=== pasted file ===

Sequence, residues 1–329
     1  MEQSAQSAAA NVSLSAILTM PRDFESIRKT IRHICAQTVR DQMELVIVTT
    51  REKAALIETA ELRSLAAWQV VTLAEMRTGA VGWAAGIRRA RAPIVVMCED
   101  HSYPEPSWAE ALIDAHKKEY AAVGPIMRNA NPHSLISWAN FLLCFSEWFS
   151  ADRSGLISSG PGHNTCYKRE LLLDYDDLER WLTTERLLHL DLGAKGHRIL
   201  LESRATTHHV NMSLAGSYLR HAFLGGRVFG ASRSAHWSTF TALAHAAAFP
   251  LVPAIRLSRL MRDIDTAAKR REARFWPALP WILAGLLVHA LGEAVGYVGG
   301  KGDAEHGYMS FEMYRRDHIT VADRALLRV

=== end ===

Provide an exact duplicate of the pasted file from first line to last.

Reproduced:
Sequence, residues 1–329
     1  MEQSAQSAAA NVSLSAILTM PRDFESIRKT IRHICAQTVR DQMELVIVTT
    51  REKAALIETA ELRSLAAWQV VTLAEMRTGA VGWAAGIRRA RAPIVVMCED
   101  HSYPEPSWAE ALIDAHKKEY AAVGPIMRNA NPHSLISWAN FLLCFSEWFS
   151  ADRSGLISSG PGHNTCYKRE LLLDYDDLER WLTTERLLHL DLGAKGHRIL
   201  LESRATTHHV NMSLAGSYLR HAFLGGRVFG ASRSAHWSTF TALAHAAAFP
   251  LVPAIRLSRL MRDIDTAAKR REARFWPALP WILAGLLVHA LGEAVGYVGG
   301  KGDAEHGYMS FEMYRRDHIT VADRALLRV